There is something especially voyeuristic about peering into a Japanese house. Rarely will a Japanese family invite outsiders into their home. When living in Japan a few years ago, my most intimate glimpses into the inner sanctum of Japanese life came in tragic circumstances: when I walked among the ruins of houses torn apart by the earthquake and tsunami in 2011.
Before the disaster, there was always something reassuring about life by the sea in Ukedo, on the Fukushima coastline. Farther up Japan’s north-eastern shores, the rias, or inlets, would often become deathtraps when tsunamis barrelled up the narrow coves, crashing over isolated villages before the residents had time to flee. But in Ukedo, which lies on a smooth grey beach, ruffled in the early morning only by gulls’ feet and crabs’ claws, the Pacific Ocean was typically gentler.
The British summer is full of pop festivals - muddy, open-air, and mostly commercial. There are late-spring literary festivals, too, and Edinburgh has its celebration of theatre in September. Fittingly, the BBC 's itinerant Radio 6 Music festival, held in Bristol last weekend after previous years in Tyneside and Manchester, has a huddled February feel to it - an intimate get-together of rock aficionados amid rain-soaked urban grime.
Muck Rack makes it simple to find people, tweets, or articles that mention any name, keyword, company, hashtag etc. We've compiled this guide to help you make the most of your search.
Selecting a term
Start searching tweets, articles from media outlets, articles mentioned in tweets, journalists'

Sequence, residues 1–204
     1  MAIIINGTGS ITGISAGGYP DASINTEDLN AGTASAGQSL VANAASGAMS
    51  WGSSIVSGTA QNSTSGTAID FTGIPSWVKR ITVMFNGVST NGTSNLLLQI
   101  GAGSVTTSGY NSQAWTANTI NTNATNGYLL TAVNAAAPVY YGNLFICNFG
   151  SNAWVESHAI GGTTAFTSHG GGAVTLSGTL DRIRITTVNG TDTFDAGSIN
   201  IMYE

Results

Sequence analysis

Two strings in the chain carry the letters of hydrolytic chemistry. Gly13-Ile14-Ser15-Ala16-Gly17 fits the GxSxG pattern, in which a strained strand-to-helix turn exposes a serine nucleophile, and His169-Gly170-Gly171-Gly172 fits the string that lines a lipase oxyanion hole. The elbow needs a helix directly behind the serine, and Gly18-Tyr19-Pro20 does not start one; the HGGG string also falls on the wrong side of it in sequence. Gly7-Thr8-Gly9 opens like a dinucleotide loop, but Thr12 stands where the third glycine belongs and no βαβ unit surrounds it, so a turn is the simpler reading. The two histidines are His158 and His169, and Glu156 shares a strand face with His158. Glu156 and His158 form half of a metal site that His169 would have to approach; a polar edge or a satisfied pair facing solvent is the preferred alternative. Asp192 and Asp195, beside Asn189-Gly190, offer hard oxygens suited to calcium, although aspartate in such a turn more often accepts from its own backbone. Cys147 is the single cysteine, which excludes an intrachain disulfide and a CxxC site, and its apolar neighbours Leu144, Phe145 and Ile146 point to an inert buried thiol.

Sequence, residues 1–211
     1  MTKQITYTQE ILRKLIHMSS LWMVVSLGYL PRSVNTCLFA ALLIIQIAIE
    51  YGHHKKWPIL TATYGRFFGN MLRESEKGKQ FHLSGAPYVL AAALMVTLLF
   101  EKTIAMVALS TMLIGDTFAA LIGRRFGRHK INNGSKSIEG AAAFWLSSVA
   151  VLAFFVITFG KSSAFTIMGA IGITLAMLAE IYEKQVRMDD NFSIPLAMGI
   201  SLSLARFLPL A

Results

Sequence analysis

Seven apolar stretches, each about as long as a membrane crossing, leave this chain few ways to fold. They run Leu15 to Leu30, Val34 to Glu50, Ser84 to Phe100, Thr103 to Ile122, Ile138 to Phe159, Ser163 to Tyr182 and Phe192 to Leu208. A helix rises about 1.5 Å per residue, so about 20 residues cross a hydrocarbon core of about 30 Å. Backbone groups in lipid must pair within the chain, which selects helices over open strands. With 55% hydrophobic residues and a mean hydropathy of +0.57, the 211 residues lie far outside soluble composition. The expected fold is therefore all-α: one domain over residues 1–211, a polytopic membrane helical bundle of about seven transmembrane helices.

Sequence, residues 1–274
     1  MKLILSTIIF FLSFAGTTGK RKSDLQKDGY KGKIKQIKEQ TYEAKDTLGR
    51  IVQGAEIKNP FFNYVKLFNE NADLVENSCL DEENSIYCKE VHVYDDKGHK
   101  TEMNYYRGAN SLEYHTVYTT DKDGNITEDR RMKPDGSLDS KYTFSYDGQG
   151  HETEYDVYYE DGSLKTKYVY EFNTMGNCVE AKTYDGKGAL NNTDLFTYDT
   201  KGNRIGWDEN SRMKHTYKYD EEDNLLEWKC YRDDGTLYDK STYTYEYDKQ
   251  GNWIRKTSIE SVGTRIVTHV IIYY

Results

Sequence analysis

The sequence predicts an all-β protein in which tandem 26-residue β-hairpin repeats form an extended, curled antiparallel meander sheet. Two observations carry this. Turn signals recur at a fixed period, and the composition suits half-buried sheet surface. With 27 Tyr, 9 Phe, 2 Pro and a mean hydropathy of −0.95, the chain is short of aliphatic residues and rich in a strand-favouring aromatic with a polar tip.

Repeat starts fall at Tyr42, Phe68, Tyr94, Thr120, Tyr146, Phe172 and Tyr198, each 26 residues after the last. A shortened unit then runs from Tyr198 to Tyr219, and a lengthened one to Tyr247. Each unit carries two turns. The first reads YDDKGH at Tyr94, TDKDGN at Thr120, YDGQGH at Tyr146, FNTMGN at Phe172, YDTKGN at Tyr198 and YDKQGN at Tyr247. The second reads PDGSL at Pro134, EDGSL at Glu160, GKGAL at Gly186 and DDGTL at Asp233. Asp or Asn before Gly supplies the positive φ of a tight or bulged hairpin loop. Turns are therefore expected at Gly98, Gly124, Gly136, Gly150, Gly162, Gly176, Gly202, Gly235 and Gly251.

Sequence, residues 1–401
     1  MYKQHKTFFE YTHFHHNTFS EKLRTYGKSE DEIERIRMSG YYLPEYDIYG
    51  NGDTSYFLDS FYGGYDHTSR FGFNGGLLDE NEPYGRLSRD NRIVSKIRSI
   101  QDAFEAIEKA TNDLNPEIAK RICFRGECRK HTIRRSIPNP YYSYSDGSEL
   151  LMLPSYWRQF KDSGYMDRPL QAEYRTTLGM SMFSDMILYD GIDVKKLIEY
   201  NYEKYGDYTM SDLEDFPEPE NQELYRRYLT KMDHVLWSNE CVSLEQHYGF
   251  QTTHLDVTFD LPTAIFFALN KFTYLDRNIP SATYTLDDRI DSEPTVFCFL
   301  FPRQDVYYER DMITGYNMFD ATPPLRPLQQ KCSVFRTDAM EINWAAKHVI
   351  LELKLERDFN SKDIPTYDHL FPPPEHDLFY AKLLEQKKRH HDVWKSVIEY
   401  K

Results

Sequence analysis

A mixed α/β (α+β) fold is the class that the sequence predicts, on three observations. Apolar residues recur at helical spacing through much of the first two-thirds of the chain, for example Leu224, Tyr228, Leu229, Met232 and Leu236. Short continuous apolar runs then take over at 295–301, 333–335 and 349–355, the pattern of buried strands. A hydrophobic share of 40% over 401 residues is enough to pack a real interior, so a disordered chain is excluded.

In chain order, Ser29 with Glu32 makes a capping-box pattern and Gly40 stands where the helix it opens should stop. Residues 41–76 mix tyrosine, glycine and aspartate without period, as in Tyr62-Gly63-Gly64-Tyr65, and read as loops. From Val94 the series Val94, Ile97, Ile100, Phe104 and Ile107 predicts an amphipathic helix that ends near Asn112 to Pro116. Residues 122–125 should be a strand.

names, titles and bios with some suggested searches:
Companies or Topics (e.g. iPhone, Microsoft)
Phrases (e.g. "cloud computing") — use quotes to keep the terms together
Twitter handles (e.g. @username) — returns those who have mentioned or replied to
Names (e.g. "David Pogue")
Hashtags (e.g. #sxsw, #london2012)
Bio details (e.g. vegan, Olympics, father)
Muck Rack's Advanced Search allows for many boolean operators.
Find results that mention multiple specified terms, use AND or
+. For example, ensure each result contains both Elon Musk and Mark Zuckerberg by
searching Obama AND Romney or Obama + Romney.
Use the operators OR or , to broaden your search when you'd like either of
multiple terms to appear in results. (This is the default behavior of our search when no operators
are used.) For example, search for democrat OR republican to find results that refer to
Democrats and/or Republicans.
Use NOT or - to subtract results from your search. For
example, searching Disney will yield results about the Walt Disney Company as well as Walt Disney
World Resort. To exclude mentions of Disney World, search for Disney -World or Disney
When using one of these operators with a phrase, enclose it in quotation marks. For example, you can
find results about smartphones excluding Apple's iPhone 4S by searching smartphone -"iPhone
Exact case matching or punctuation
If you're searching for a brand name or keyword that relies on specific punctuation marks or capitalization, you can
find results that match your exact query by adding matchcase: before the keyword you're searching for, like matchcase:E*TRADE .
Use parentheses to separate multiple
boolean phrases. For example, to find journalists talking about having fun in Disney World or
Disneyland, search for ("disney world" OR disneyland) AND fun.
An asterisk can be used to search for any variation of a root word truncated by the asterisk. For example, searching for admin* will return results for administrator, administration, administer, administered, etc.
A near operator is an AND operator where you can control the distance between the words. You can vary the distance the near operation uses by adding a forward slash and number (between 0-99) such as strawberries NEAR/10 "whipped cream", which means the strawberries must exist within 10 words of "whipped cream".